Sanded papers are on the expensive side compared to ingres paper. They also eat up pastels and coloured pencils fast, which is why pastel appears so saturated on the surface. So if you work on sanded paper alone, expect pastels to last for fewer drawings than if you were using ingres or honeycomb.
Colours are smudgeable and blending is easy with the right techniques on this paper. If you work in a realistic style, sanded papers are potentially the best option, due to the ability to create details.
Velour papers like Hahnemühle Velour have a soft velvety feel to them. They are the most expensive type of paper. It’s a wonderfully unique paper, that has the softest texture. If you want to create out of focus effects and be suggestive with textures, velour would be a great option. Sanded papers like Pastelmat shine in their ability to accommodate sharp details, but with velour paper, artworks will look soft in appearance.
The fluffy velour texture is made from a coating of fine polyester fibres. Compared to papers like ingres, it’s much harder to smudge pastel across the paper. Pigments pretty much stay put where you draw with them.
Best soft pastel paper
Every soft pastel artist will have their own individual preferences. If you choose dimpled, honeycomb or ingres papers, you will be able to achieve wonderful mixed media artworks and drawings that appear loose and painterly in style with visible texture. Artists can use the texture of the paper to emulate the impression of details. With uncoated and unsanded papers, expect the paper to accept fewer layers and create more dust. However, soft pastels which are delicate and wear down quickly will last longer on unsanded papers like ingres compared to sanded papers which eat up pastel quickly.
Artists that want to achieve fine details, crisp lines, more colour layers should opt for a sanded paper like Canson Mi-Teintes Touch or Pastelmat. Sanded papers will prevent dust from falling off the paper too, as long as it’s pressed in with a sponge tool, or sheet of glassine paper. Velour paper creates the least dust and gives pastels a wonderful soft appearance. Sanded and coated papers are often thick, like card, which makes them more durable when it comes to accepting gestural techniques.
Some artists will prefer buying pastel boards that come mounted, rather than mounting themselves. It feels logical to work with a board propped at an easel with soft pastel, as dust will fall beneath the easel rather than smudge across the drawing.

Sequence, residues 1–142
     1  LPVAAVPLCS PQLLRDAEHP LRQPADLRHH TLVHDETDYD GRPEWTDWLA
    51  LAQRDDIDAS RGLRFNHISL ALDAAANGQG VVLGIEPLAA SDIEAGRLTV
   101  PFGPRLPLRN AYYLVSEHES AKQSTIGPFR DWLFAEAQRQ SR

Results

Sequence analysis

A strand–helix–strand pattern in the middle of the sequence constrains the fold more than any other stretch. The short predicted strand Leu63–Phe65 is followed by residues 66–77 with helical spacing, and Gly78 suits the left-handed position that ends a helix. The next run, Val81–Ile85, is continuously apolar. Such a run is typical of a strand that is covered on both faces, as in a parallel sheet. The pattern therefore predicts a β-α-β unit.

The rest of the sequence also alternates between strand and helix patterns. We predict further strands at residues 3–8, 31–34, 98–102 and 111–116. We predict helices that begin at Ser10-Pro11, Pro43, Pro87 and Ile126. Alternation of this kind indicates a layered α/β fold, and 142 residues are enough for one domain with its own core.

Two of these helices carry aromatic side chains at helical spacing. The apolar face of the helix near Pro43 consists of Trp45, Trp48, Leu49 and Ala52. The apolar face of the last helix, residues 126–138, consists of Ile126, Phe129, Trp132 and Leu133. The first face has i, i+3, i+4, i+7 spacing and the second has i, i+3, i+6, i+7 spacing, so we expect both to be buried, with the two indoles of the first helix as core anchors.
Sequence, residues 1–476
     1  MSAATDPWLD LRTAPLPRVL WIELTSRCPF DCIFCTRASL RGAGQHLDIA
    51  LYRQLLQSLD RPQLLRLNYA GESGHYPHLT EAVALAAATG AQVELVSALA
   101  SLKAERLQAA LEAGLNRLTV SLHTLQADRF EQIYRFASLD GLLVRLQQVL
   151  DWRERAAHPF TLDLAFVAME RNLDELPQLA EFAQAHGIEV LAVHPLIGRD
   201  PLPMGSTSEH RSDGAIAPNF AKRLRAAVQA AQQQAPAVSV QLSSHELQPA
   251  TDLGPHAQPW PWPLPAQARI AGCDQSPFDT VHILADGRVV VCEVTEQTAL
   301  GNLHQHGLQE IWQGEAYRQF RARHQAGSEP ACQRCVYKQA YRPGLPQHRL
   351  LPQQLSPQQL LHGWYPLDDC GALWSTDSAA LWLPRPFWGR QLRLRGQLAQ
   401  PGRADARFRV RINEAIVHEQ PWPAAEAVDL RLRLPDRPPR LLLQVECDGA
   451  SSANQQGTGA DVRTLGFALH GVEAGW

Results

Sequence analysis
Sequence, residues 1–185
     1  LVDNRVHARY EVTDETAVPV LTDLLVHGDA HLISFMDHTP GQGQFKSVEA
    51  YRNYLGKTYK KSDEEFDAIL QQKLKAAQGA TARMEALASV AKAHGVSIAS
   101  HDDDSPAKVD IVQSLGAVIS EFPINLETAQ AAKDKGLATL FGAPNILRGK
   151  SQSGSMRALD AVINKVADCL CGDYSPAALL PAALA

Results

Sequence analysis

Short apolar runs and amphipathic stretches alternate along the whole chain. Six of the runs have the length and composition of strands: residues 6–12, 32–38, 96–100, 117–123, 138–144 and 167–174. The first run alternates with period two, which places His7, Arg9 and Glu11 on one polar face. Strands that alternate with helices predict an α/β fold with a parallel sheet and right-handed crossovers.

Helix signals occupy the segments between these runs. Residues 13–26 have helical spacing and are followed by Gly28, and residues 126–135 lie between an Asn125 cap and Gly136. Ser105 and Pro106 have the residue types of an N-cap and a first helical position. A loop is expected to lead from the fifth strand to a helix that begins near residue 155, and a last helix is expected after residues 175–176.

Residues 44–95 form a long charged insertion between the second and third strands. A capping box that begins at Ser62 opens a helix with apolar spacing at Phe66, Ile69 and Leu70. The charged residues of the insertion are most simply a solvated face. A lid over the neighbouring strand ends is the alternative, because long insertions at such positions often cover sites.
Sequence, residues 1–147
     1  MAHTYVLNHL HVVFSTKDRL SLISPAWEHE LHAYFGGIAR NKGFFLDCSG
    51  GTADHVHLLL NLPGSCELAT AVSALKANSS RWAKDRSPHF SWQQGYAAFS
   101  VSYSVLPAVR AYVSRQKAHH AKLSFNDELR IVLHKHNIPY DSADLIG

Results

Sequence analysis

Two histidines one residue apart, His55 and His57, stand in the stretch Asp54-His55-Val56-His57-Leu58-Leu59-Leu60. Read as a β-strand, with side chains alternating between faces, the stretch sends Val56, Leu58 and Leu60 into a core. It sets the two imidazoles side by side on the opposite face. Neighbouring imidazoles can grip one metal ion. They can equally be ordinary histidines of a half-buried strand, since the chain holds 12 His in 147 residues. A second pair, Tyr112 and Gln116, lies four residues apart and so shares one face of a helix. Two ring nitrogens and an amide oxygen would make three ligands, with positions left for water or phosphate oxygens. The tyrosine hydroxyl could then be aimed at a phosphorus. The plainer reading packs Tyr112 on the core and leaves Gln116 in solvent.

Best paper for coloured pencils
Coloured pencils are suited to papers with fine tooth, like Pastelmat and Canson Mi-Teintes Touch paper. Artists working with coloured pencils often aim to achieve fine lines and details, which look crisp and sharp on fine tooth sanded papers. Pastelmat feels so smooth, it’s hard to believe it has as much tooth as other pastel papers, but it will hold multiple colour layers beautifully.
Toned pastel paper
Using toned paper for coloured pencil and pastel drawings can bring a few benefits to your practice and make the drawing process more efficient. When working on portraits, the paper can act as a mid tone colour, saving artists time in filling in these areas with pastel themselves. This works especially well when completing monochromatic drawings. Working on a mid tone can also help the artist determine value relationships more easily. All papers on this list come in a variety of tones and colours.
Best pastel paper for mixed media
A water and alcohol resistant paper will work best for mixed media applications. Some coated papers, such as Hahnemuhle Velour are unsuitable for mixed media use, as even the slightest bit of water can ruin the coated texture.
Coated papers that will accept washes of water and alcohol include: Pastelmat, Colourfix, Pastelbord.
Uncoated papers, especially those that contain cotton fibres are well suited for wet and dry media applications. For example, if you wanted to create a watercolour painting, then draw over with washes of soft pastel, a thick, ingres paper would be the perfect choice. The best papers for mixed media pastel art are: Canson Mi-Teintes, Fabriano Tiziano, Daler Rowney Murano.
How to draw on pastel paper
To draw with soft pastel, to avoid dust from collecting on the surface, mount it and then prop it up at an easel with a dust cover beneath. When using soft pastel, especially on sanded or velour paper, make sure to rub or press excess pastel into the paper to avoid pastel dust.
Work lightly at first, with a delicate touch, then gradually build pressure applied to the pastel slightly with consecutive layers. Very little pressure is required to impart pastel onto the paper. If you want to make a more vibrant mark, apply a little more pressure.
Check out our guide on coloured pencil techniques to learn how to create beautiful pastel pencil drawings.